POWER SUPPY STRATEGY
PRPA's exposure to coal fired generation is significant at 71% of the authority's 2015 energy mix. Coal generation represents a more moderate 47% of total capacity. This reliance on coal-fired generation is typical for utilities in Colorado given the proximity to ample Powder River Basin coal.
Positively, PRPA's Rawhide coal unit is currently among the more reliable and cleanest facilities in the U.S.. However, meeting the Clean Power Plan CO2 emission reductions will be challenging. Based on PRPA's rate analysis, wholesale rate increases could approximate 3.5% annually between 2018 and 2030. PRPA's rate advantage would narrow, but the agency should remain among the lower cost power providers in the state.
The Craig coal-fired units will face greater cost impacts due to environmental emission compliance. A key change in PRPA's power supply strategy from prior years is the consideration to exit from at least one of the Craig Units' ownership. Favorably, PRPA has the capability to switch to greater natural gas generation in the event environmental constraints make utilization of the coal plant less economic.
Craig Unit 1 is the least economic of PRPA's coal resources and it is utilized primarily for surplus sales, which have been limited in this low priced wholesale electricity market. The PRPA board is expected to finalize its decision on Craig Unit 1 by the end of this year.
STABLE FINANCIAL PERFORMANCE
PRPA has a history of solid financial performance as guided by sound fiscal targets, including: minimum DSC of 1.5x; annual net income of at least $6 million; debt-to-total capitalization of 50% or less; and a minimum of 200 days operating cash. For fiscal years 2011-2014, PRPA's debt service coverage has ranged from 1.60x to 1.71x, solid for a 'AA' wholesale system. Fitch calculated coverage of full obligations has likewise been stable, ranging from 1.47x-1.59x. Liquidity has been ample, in excess of 200 days operating cash for the past five years, in-line with 'AA' rated wholesale peer systems.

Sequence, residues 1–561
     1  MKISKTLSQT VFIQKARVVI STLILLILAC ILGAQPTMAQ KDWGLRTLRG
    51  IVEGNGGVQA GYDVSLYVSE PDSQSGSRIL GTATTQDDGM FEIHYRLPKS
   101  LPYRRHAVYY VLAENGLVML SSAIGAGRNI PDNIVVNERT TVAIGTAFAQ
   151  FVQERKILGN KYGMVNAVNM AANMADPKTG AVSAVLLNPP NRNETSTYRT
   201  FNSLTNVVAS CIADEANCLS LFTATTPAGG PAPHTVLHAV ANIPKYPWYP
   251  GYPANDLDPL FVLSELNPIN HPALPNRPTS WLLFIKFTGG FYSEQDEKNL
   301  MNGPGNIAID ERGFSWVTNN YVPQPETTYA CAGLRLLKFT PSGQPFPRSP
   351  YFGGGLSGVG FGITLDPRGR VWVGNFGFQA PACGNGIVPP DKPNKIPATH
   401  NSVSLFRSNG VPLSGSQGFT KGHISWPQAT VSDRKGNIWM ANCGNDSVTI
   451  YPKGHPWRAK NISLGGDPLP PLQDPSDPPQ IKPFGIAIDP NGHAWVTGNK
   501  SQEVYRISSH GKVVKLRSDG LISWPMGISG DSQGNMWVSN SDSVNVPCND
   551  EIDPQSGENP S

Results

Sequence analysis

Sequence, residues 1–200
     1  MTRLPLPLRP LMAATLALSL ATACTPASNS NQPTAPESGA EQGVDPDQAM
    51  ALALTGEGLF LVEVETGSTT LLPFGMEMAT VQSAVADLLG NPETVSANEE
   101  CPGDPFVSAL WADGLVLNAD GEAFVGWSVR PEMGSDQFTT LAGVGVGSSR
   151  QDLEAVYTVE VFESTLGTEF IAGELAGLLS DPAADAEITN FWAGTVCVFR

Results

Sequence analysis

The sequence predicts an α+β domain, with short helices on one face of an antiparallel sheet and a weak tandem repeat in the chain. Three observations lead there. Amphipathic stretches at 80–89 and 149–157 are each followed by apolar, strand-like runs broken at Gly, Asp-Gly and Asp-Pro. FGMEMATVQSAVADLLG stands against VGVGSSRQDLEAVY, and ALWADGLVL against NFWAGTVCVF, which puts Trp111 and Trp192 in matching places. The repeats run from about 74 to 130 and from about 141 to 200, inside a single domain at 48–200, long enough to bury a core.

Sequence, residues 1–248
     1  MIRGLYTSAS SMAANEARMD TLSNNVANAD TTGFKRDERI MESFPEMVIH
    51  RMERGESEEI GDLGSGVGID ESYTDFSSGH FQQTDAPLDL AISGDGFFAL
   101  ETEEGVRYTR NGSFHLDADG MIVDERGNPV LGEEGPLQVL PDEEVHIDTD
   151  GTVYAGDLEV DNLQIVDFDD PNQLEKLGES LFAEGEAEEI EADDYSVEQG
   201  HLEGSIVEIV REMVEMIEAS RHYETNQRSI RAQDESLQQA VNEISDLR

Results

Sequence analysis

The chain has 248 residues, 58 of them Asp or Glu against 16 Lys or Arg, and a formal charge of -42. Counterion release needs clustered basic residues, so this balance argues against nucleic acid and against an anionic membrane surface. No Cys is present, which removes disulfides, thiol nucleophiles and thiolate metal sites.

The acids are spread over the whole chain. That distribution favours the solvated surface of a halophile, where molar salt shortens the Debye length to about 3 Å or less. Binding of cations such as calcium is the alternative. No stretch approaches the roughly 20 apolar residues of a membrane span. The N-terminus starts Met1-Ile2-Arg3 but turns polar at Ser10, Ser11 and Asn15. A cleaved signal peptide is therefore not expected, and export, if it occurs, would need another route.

In fiscal 2015, however, debt service coverage and coverage of full obligations fell to 1.33x and 1.25x, respectively. PRPA's financial performance was atypically below budget primarily due to more costly than anticipated scheduled outages at two coal facilities, and lower volume and pricing on surplus off-system sales. PRPA plans to increase wholesale rates 4.5% in 2016 and 2017 to restore financial coverages closer to historic levels.
Nonetheless, PRPA's debt service coverage remains solidly above the rate covenant of 1.10x, and management is planning to raise rates throughout the five-year forecast. PRPA's debt service declines by roughly 35% in 2018, but management and the board plan on implementing annual rate increases in 2018-2020 of approximately 3.5%. The rate increases are intended to build reserves to help offset impending environmental compliance costs related to the federal Clean Power Plan.
PRPA's financial coverage measures are projected to exceed historic levels at more than 2.0x beginning in 2018, assuming modest member sales growth (less than 1%), moderate annual rate increases, manageable capital expenditures and limited surplus power sales. From a financial perspective, PRPA's financial metrics should remain in line or better than peer medians for 'AA' rated wholesalers.
PRPA's financial position is supported by its members' historically stable credit quality. For the past five years, the city-member systems have exhibited healthy financial performance, with DSC in excess of 1.0x including off-balance sheet PRPA-related debt service. Economic indicators are on an upswing for the cities and their population and customer base continues to grow, albeit at a moderate pace.
Additional information is available at 'www.fitchratings.com'.
Revenue-Supported Rating Criteria (pub. 16 Jun 2014)
U.S. Public Power Rating Criteria (pub. 18 May 2015)
Dodd-Frank Rating Information Disclosure Form